Dual computer screens with data.

Several associations representing assisted living providers hope a new data collection portal will bring members and nonmembers one step closer to receiving federal relief for their COVID-19-related costs.

As the U.S. Department of Health and Human Services considers a possible distribution of CARES Act Provider Relief Funds, the American Seniors Housing Association, Argentum, LeadingAge and the National Center for Assisted Living are “strongly” encouraging licensed, registered or certified assisted living operators to submit data to a private, secure HHS Provider Fund portal they have established to collect data requested by HHS.

All private-pay assisted living and memory care providers that are stand-alone communities or part of continuing care retirement / life plan communities can submit data, which could help the government distribute aid. Providers do not need to be a member of any of the associations to participate in the data collection effort.

The submission deadline is 5 p.m. ET on Aug. 3.

“NCAL continues to advocate that the U.S. Department of Health and Human Services (HHS) distribute a portion of CARES Act Provider Relief Funds to private-pay assisted living providers due to the heavy toll of COVID-19,” NCAL said in a statement. “Providers who participate in this effort may help ease a potential distribution of or application for funds.”

No guarantee exists that a distribution will occur or that a provider will receive or be eligible for funds, the associations noted. They also said they are not aware of an allocation methodology.

Outside of some assisted living providers who serve Medicaid beneficiaries, senior living operators have received “no relief whatsoever” from the federal government for their pandemic-related expenses, provider groups have said. Some officials have noted the difficulty in determining an appropriate allocation formula, given that assisted living operators are regulated by the states. Nursing homes, by comparison, which have received funding, are regulated at the federal level, so the U.S. government has easier access to data it might use to determine aid.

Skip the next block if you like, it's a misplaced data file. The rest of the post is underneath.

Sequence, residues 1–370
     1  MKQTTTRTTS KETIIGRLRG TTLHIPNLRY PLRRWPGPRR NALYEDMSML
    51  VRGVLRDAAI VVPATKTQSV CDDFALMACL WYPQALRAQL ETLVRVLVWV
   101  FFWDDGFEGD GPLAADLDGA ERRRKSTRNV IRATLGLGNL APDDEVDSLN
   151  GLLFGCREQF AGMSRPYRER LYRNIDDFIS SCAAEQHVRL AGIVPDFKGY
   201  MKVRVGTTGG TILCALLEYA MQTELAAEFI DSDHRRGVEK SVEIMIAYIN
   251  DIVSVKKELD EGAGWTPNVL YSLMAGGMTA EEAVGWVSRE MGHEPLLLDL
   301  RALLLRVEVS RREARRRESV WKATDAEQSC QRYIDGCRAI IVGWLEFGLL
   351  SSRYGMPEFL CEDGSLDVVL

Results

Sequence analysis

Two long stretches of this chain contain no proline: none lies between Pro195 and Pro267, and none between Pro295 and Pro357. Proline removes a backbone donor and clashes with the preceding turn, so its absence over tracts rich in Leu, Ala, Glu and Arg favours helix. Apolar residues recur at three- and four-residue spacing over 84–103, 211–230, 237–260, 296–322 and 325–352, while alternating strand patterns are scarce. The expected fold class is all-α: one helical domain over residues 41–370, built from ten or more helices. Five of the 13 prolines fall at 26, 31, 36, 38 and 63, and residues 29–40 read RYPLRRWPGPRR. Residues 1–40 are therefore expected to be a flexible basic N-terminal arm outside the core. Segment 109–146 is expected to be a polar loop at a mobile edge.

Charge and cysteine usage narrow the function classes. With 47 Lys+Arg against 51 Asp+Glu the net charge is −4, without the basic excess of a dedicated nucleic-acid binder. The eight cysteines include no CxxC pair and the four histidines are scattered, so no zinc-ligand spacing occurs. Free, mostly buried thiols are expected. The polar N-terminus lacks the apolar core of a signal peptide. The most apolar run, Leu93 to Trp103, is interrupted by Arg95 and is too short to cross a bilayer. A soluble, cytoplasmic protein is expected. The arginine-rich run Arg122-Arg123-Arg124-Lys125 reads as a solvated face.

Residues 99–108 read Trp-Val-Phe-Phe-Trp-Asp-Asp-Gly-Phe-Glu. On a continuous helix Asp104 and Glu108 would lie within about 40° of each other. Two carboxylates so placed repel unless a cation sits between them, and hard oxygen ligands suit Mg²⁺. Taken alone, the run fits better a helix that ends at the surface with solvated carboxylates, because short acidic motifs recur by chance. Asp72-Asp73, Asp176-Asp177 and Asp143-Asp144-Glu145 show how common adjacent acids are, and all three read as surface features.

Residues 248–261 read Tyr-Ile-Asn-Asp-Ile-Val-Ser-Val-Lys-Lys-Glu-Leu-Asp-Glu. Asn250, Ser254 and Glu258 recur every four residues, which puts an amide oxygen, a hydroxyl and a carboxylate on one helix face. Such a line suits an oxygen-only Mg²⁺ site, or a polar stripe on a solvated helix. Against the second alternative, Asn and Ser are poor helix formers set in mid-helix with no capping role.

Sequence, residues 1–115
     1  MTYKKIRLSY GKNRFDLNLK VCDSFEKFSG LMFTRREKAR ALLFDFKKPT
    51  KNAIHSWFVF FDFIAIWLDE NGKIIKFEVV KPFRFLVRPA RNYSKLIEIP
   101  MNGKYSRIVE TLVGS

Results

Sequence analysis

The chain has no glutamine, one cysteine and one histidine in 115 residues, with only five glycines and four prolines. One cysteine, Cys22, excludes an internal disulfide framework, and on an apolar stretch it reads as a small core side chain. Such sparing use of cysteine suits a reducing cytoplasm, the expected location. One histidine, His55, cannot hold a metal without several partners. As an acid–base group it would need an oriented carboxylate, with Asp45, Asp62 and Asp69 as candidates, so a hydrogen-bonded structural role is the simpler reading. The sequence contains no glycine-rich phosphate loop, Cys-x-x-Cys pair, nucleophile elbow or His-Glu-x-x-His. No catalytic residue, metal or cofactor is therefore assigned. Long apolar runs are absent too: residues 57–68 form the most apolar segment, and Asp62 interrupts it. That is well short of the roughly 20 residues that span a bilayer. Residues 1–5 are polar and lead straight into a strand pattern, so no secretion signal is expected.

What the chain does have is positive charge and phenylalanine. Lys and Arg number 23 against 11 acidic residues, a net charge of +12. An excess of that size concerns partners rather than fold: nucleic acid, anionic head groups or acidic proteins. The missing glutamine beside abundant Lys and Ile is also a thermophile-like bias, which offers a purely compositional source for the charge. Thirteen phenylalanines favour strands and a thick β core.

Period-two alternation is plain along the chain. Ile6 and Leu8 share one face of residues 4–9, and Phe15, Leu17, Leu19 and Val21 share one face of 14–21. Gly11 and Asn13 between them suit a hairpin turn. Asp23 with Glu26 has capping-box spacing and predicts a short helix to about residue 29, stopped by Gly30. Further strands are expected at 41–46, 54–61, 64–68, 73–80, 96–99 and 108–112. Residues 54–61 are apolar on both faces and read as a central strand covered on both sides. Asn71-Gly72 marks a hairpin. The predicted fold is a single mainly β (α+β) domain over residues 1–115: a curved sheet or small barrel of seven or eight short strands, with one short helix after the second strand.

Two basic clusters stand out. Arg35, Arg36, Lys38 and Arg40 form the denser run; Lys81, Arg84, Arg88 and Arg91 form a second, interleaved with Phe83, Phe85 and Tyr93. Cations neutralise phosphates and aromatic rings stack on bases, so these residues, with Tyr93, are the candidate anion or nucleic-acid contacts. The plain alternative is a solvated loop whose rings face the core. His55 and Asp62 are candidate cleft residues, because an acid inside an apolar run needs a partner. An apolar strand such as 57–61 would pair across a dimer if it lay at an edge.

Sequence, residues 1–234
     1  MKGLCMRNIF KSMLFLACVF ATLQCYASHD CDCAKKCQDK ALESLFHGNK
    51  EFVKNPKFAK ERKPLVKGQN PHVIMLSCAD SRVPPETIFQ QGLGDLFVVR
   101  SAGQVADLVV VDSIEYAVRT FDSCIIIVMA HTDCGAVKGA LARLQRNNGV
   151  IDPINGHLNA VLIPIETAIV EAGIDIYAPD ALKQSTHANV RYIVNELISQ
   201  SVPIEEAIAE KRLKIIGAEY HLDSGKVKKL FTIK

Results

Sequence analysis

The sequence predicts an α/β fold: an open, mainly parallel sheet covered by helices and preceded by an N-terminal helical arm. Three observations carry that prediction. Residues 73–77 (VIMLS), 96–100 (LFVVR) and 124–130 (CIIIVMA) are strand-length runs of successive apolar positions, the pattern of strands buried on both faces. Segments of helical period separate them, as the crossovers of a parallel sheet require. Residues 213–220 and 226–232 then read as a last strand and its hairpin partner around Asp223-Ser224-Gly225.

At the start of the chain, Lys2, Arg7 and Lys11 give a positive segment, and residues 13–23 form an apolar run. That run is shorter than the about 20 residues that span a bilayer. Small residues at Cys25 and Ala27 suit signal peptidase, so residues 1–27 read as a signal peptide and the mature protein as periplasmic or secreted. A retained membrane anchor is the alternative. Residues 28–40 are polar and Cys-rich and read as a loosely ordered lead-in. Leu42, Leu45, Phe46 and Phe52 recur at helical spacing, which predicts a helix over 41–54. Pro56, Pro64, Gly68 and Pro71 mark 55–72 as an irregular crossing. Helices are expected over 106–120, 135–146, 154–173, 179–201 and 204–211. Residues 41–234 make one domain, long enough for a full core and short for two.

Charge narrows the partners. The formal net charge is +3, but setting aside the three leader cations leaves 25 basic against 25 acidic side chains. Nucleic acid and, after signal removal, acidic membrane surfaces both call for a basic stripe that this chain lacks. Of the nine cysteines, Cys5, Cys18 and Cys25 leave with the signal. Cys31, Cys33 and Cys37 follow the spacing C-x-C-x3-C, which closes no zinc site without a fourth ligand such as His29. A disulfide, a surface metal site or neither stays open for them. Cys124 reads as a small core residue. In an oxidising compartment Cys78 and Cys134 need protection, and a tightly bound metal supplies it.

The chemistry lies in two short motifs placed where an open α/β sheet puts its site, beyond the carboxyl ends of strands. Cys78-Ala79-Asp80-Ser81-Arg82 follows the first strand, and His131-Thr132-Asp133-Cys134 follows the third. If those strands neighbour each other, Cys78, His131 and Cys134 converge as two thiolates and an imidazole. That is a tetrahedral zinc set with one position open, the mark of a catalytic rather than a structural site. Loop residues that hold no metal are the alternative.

The federal government would have easier access to COVID-19-related data for assisted living if new legislation introduced earlier this month becomes law. Three members of Congress said they introduced the Assisted Living Facility Coronavirus Reporting Act to address issues related to COVID-19 infections, hospitalization and fatality rates, sick leave policies for employees, testing and personal protective equipment in senior living facilities. 

The bill was introduced following the solicitation of information from the CEOs of 11 of some of the country’s largest senior living companies in late April about the extent of the virus in their communities and their prevention and mitigation efforts.

Associations representing assisted living operators said the report on which the bill is based “falls short” by comparing COVID-19 cases in assisted living to those in the general population. They also called the report “misleading” in suggesting that providers are deficient in reporting their COVID-related incidents just because there is no federal requirement to do so.